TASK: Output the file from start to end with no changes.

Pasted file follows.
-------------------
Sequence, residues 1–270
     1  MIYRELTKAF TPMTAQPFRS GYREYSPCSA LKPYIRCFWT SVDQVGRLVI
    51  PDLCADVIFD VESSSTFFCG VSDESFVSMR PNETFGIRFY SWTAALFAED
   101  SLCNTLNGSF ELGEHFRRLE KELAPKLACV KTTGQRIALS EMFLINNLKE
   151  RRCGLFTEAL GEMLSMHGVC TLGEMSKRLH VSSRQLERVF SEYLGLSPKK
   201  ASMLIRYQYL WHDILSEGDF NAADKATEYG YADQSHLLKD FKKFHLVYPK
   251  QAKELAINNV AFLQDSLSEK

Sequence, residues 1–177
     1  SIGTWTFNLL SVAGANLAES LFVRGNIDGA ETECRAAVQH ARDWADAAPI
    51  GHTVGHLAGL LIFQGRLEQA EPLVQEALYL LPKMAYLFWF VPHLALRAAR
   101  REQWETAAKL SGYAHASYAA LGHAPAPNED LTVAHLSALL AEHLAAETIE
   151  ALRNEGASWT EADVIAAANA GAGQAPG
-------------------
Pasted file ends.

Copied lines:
Sequence, residues 1–270
     1  MIYRELTKAF TPMTAQPFRS GYREYSPCSA LKPYIRCFWT SVDQVGRLVI
    51  PDLCADVIFD VESSSTFFCG VSDESFVSMR PNETFGIRFY SWTAALFAED
   101  SLCNTLNGSF ELGEHFRRLE KELAPKLACV KTTGQRIALS EMFLINNLKE
   151  RRCGLFTEAL GEMLSMHGVC TLGEMSKRLH VSSRQLERVF SEYLGLSPKK
   201  ASMLIRYQYL WHDILSEGDF NAADKATEYG YADQSHLLKD FKKFHLVYPK
   251  QAKELAINNV AFLQDSLSEK

Sequence, residues 1–177
     1  SIGTWTFNLL SVAGANLAES LFVRGNIDGA ETECRAAVQH ARDWADAAPI
    51  GHTVGHLAGL LIFQGRLEQA EPLVQEALYL LPKMAYLFWF VPHLALRAAR
   101  REQWETAAKL SGYAHASYAA LGHAPAPNED LTVAHLSALL AEHLAAETIE
   151  ALRNEGASWT EADVIAAANA GAGQAPG